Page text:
The porous riverine border with Bangladesh at Sunderbans are to be equipped with infra-ray pillars and smart sensors to prevent rampant infiltration and smuggling. The BSF said that the infra-ray pillars and smart sensors were a technological answer to the growing problem of cross-border crimes. Already installed, the devices would start operating once the monsoon was over in the next three months, the BSF, South Bengal, said.
A senior BSF official told PTI that the project would be first launched in three-four kilometres along the border stretch. “The project will start in the next three months as we are waiting for the monsoon to get over. After that, we will observe the devices till December. If everything goes well, the new system will be in place permanently by January, 2018,” tbe official said.
According to BSF sources, the cost of the installation of the Infra-ray pillars per kilometre will be around Rs 25-30 lakh. “Although funds are always a matter of concern, we will increase the coverage area from 3-4 kilometres to the entire stretch of the border where we don’t have proper fencing due to the treacherous nature of the terrain,” another BSF official said.
Of the 4,096-km Indo-Bangladesh border, as much as 2,216.7 area lies in West Bengal, out of which 300 km is the riverine border with Bangladesh in the Sunderbans. The BSF patrols amid the dense mangrove forests or where the rivers meet the Bay of Bengal.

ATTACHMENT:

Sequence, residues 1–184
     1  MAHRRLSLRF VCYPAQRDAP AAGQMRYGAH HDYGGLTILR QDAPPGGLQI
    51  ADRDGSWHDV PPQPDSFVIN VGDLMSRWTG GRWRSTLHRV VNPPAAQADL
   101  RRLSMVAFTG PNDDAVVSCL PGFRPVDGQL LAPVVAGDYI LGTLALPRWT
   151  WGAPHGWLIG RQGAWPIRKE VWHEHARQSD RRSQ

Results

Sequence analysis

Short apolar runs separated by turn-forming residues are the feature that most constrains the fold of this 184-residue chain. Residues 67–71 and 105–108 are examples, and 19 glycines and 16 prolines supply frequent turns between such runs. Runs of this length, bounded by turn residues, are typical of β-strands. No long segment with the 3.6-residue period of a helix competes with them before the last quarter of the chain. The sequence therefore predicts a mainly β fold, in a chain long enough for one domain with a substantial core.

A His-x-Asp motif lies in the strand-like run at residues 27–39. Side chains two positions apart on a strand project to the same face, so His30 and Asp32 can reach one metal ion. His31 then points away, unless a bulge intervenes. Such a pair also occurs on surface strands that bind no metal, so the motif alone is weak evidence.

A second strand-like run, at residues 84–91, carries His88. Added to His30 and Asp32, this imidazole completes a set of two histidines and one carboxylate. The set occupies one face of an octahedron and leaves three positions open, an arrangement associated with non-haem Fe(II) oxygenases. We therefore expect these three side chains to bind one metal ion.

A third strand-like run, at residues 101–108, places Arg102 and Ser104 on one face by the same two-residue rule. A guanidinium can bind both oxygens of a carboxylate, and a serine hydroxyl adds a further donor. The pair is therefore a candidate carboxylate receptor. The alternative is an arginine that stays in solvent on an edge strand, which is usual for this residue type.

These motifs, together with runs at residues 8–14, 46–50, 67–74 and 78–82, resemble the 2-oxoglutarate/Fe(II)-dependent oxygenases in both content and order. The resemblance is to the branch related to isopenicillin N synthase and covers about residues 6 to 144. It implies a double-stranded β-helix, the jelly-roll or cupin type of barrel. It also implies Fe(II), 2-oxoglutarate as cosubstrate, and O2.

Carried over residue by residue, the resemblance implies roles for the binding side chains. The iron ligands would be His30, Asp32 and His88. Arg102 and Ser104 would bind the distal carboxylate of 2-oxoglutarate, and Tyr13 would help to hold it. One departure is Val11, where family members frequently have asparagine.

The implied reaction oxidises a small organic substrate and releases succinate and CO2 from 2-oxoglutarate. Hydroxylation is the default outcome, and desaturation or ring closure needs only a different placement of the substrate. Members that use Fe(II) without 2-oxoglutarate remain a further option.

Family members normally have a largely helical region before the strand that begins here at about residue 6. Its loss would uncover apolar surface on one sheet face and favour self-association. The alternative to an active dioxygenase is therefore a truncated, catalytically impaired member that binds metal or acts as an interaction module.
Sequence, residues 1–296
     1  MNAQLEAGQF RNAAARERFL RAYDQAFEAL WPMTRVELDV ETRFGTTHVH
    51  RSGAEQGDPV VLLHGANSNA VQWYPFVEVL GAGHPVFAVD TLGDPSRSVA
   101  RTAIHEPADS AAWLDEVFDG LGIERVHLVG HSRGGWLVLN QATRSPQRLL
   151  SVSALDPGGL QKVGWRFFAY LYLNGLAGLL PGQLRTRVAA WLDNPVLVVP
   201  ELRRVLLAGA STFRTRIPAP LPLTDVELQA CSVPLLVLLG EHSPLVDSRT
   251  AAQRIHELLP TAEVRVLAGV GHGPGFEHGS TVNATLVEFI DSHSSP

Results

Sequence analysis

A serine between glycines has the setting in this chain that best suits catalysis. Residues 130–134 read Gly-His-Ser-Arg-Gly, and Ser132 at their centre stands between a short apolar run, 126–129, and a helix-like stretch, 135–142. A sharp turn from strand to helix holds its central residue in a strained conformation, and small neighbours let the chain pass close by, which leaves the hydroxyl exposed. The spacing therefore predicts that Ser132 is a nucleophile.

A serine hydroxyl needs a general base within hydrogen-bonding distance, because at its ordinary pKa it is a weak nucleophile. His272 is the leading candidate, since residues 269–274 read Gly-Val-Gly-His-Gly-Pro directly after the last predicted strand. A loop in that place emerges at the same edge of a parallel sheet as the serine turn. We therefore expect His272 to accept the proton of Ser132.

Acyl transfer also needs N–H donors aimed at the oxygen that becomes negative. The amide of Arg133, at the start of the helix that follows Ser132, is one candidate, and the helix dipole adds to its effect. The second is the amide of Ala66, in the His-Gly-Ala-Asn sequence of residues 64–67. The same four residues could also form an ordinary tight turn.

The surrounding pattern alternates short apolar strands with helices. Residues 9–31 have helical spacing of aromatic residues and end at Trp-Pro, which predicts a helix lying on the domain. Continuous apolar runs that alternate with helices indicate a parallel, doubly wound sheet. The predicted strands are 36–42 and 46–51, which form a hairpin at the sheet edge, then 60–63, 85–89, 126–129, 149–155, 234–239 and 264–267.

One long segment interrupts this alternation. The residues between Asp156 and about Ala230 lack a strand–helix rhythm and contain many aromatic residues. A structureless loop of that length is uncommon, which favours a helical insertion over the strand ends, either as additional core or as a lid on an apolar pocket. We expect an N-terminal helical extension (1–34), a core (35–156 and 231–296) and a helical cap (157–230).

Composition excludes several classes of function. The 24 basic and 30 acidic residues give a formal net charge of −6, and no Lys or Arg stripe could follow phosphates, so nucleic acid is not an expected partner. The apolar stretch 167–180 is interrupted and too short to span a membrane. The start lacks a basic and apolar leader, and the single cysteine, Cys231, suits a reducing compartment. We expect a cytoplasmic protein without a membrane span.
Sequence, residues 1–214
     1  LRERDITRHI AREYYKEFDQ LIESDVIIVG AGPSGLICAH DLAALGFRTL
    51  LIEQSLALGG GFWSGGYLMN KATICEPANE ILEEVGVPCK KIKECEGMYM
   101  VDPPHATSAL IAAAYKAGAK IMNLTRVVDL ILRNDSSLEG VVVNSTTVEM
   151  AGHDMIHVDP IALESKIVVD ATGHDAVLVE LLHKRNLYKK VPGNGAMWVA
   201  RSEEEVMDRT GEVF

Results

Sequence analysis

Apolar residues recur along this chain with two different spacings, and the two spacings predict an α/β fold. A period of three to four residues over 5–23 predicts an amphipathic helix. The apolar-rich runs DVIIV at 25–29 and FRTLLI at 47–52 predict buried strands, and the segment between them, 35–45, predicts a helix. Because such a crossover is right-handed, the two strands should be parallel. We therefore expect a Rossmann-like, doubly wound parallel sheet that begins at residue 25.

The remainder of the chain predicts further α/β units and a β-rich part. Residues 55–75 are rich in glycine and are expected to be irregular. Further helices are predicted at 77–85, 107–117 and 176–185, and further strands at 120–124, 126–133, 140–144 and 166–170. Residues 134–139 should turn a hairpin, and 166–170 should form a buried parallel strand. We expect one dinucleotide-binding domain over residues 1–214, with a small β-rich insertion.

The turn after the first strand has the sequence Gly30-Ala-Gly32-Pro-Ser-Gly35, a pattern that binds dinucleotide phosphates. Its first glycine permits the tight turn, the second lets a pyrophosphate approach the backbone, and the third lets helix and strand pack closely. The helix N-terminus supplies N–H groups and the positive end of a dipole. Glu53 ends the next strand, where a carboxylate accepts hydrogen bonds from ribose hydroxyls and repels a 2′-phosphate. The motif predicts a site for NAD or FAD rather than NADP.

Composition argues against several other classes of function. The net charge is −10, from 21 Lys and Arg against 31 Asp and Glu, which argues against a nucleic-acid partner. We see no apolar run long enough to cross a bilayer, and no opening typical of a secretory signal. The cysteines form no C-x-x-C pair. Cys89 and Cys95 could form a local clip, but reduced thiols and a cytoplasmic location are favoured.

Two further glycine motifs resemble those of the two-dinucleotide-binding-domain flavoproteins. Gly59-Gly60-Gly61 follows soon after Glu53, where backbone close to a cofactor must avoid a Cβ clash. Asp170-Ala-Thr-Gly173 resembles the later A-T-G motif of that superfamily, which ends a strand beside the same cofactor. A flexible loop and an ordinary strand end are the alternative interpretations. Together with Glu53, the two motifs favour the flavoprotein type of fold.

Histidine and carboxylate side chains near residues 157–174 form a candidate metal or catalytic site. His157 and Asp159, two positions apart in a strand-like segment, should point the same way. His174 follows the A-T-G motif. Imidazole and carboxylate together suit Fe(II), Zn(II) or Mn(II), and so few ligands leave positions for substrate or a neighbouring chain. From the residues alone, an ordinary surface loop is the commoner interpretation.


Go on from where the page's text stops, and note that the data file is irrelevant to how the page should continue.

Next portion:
“The infra-ray pillars and smart sensors will be monitored through a satellite-based signal command system. They will have night and fog operability tools. The sensor blips alert border guards,” the official said. The para-military force is using the Farheen laser wall technology at the Indo-Pakistan border and has reaped benefits through better management of the borders.
According to BSF sources, the installation of infra-rays and smart sensors is part of the Centre’s plan to keep a tight vigil on the Indo-Bangla border following intelligence inputs that terrorists and anti-national elements are exploiting the unfenced areas and riverine borders.
“In the Bengal frontier it became a priority after terror attacks in Dhaka last year. There were inputs that terrorists and anti-national elements were exploiting the unfenced areas and riverine borders,” said the official. The decision to install laser walls in areas where barbed wire fences could not be erected due to the treacherous terrain or marshy riverine topography was taken by the BSF two years ago.
The Union Home Ministry and BSF expedited the installation and activation of laser walls on the western front after the Pathankot terror attack in January, last year.